Boris Johnson’s government on Wednesday pushed through legislation to introduce a four-week national lockdown in England, despite resistance from more than 30 Conservative MPs who voted against the measures.
Under new regulations set to come into effect on Thursday and last until at least December 2, residents in England will be banned from mixing between households and encouraged to work from home where possible.
Non-essential shops will be forced to close along with pubs, bars and restaurants, with exceptions made for takeaways and food deliveries. But unlike the first nationwide lockdown, schools and universities will remain open.
The prime minister’s announcement on Saturday was met with disapproval from a large number of Conservative MPs, with the atmosphere among cabinet ministers described as “apoplectic” ahead of Wednesday’s vote.
However, by Tuesday the rebellion had shrunk to as few as 20 MPs, with many backbenchers said to have understood Mr Johnson’s hesitancy in introducing a national lockdown, as the coronavirus death count continued to creep up.
In total 32 Conservative MPs, mainly from the libertarian wing of the party, voted against the legislation which passed 516 votes to 38.
One of the rebels, Sir Charles Walker, Conservative MP for Broxbourne, said the government had “coerced” the public into accepting coronavirus measures through the use of “criminal and civil law”.
Sir Graham Brady, chairman of the 1922 committee, also voted against the legislation, voicing concern that Number 10 was “reaching too far into the private and family lives” of constituents.
He added: “I fully accept the sincerity of the prime minister and sincerity of the secretary of state in bringing forward the measures . . . and their belief that they are doing the right thing.”
“Nonetheless, I have to say that, in more than 23 years as a member of parliament, when I vote against this motion tonight, I will do so with greater conviction than I have in casting any vote in those 23 years.”
Former chief whip Mark Harper, Huw Merriman and Sir Mike Penning were also among the rebels. Finally, 21 Conservatives did not record a vote, including the former prime minister Theresa May.
Mr Johnson left the chamber to the sound of groans, as his most recent predecessor began to criticise the government’s use of scientific data.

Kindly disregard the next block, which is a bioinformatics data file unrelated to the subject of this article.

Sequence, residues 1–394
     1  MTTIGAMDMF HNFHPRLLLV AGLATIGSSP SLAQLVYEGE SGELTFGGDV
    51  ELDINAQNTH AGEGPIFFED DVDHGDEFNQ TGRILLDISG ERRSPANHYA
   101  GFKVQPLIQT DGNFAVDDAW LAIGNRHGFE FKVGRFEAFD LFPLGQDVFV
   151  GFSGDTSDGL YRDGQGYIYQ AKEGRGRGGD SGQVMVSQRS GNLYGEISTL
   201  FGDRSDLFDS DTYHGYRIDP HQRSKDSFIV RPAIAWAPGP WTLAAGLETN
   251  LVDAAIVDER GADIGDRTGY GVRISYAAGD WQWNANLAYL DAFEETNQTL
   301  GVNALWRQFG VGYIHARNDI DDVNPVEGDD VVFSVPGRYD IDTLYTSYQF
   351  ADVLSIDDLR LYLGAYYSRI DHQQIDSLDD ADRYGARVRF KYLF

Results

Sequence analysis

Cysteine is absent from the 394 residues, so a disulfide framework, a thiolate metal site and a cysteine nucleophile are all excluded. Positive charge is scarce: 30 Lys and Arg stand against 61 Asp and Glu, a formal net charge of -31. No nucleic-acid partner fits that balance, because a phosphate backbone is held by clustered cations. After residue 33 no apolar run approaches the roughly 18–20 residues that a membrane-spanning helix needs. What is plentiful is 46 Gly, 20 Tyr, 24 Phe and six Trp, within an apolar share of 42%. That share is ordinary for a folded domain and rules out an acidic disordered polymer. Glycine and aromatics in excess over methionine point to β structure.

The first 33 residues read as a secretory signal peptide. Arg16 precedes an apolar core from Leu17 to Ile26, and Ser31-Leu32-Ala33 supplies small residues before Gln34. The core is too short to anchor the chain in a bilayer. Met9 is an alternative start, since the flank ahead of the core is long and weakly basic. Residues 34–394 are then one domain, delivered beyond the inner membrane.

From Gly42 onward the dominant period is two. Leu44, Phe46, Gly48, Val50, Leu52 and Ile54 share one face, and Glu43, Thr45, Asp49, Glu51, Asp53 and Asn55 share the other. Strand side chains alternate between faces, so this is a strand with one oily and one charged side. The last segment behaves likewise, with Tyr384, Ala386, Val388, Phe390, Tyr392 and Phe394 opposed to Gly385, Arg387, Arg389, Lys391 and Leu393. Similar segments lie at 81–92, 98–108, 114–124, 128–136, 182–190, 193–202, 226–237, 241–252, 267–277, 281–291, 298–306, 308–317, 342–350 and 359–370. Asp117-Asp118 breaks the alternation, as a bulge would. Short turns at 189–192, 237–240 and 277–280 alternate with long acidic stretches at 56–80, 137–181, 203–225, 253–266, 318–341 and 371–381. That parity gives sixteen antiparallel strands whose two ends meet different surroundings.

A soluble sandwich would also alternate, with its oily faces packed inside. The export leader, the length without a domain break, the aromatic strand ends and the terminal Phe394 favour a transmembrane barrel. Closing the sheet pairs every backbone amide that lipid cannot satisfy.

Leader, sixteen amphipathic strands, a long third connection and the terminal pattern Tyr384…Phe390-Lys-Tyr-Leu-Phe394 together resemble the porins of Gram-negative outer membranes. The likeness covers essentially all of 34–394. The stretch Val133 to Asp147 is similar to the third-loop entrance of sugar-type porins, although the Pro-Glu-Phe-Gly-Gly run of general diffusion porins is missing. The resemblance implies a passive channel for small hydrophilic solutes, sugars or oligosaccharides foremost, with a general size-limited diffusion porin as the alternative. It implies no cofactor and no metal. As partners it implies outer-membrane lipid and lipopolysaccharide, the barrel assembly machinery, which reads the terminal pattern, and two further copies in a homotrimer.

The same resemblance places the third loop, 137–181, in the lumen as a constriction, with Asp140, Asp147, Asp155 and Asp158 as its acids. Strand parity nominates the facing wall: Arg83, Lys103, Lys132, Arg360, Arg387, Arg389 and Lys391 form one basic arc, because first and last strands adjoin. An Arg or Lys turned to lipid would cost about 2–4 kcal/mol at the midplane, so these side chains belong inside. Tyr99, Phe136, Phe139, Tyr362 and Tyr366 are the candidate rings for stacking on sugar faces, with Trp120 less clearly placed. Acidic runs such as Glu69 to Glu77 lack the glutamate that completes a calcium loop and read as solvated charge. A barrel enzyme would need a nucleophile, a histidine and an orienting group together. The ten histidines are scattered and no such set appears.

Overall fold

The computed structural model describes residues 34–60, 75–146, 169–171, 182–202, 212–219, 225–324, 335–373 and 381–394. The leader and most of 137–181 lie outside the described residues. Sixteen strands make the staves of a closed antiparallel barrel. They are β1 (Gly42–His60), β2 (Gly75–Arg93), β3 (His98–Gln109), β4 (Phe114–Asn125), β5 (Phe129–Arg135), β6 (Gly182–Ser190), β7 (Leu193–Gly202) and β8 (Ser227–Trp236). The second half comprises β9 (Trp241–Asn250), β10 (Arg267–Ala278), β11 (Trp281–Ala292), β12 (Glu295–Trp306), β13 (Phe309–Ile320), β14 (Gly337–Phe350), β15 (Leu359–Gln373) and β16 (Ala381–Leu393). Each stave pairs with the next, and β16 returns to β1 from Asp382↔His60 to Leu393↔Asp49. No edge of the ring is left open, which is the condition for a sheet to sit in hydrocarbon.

“For many people, it looks as if the figures are chosen to support the policy rather than the policy being based on the figures,” she said.
Earlier in the day, during prime minister’s questions, Mr Johnson reiterated his intention to reopen the country when restrictions end next month.
He said: “These autumn measures to combat the surge will expire automatically on December 2, and we will then — I hope very much — be able to get this country going again, to get businesses and shops open again in the run-up to Christmas. But that depends on us doing our bit now to get the R rate down.”
But despite Mr Johnson’s optimism, there are concerns that the number of coronavirus infections and hospitalisations could spiral out of control this winter, placing more pressure on the health service.
NHS England announced it will enter into “level four”, the highest emergency band, on Wednesday evening. Sir Simon Stevens, chief executive of NHS England, said the decision had been made in response to the rising number of coronavirus cases.
“Our job in the NHS is just to set out the, frankly indisputable, facts about the number of coronavirus patients we are looking after and the consequences if infection continues to grow,” he added.
His comments followed the news that the number of Covid-19 deaths reported in the UK rose nearly 100 to 492 in the last 24-hour period — the highest number since early May, from 397 on Tuesday, and 136 the previous day.
As of Wednesday the number of Covid-19 cases in the UK stood at 25,177, the highest since October 21.